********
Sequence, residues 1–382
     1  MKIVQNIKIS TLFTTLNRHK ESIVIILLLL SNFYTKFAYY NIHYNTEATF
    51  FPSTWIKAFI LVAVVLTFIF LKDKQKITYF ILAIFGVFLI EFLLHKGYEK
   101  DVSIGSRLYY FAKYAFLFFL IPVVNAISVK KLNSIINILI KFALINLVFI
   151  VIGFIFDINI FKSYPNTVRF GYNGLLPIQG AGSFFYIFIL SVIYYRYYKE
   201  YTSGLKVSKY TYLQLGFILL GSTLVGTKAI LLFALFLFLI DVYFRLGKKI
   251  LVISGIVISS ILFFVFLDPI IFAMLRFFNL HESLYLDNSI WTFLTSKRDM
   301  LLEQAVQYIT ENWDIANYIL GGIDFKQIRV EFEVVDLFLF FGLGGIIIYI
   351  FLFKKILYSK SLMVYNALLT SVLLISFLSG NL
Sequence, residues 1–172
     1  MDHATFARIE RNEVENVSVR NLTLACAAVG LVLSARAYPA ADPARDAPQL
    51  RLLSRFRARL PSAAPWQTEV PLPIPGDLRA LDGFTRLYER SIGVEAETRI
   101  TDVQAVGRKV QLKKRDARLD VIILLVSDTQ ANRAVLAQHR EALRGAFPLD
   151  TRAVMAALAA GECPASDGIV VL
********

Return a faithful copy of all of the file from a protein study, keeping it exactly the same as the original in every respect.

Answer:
Sequence, residues 1–382
     1  MKIVQNIKIS TLFTTLNRHK ESIVIILLLL SNFYTKFAYY NIHYNTEATF
    51  FPSTWIKAFI LVAVVLTFIF LKDKQKITYF ILAIFGVFLI EFLLHKGYEK
   101  DVSIGSRLYY FAKYAFLFFL IPVVNAISVK KLNSIINILI KFALINLVFI
   151  VIGFIFDINI FKSYPNTVRF GYNGLLPIQG AGSFFYIFIL SVIYYRYYKE
   201  YTSGLKVSKY TYLQLGFILL GSTLVGTKAI LLFALFLFLI DVYFRLGKKI
   251  LVISGIVISS ILFFVFLDPI IFAMLRFFNL HESLYLDNSI WTFLTSKRDM
   301  LLEQAVQYIT ENWDIANYIL GGIDFKQIRV EFEVVDLFLF FGLGGIIIYI
   351  FLFKKILYSK SLMVYNALLT SVLLISFLSG NL
Sequence, residues 1–172
     1  MDHATFARIE RNEVENVSVR NLTLACAAVG LVLSARAYPA ADPARDAPQL
    51  RLLSRFRARL PSAAPWQTEV PLPIPGDLRA LDGFTRLYER SIGVEAETRI
   101  TDVQAVGRKV QLKKRDARLD VIILLVSDTQ ANRAVLAQHR EALRGAFPLD
   151  TRAVMAALAA GECPASDGIV VL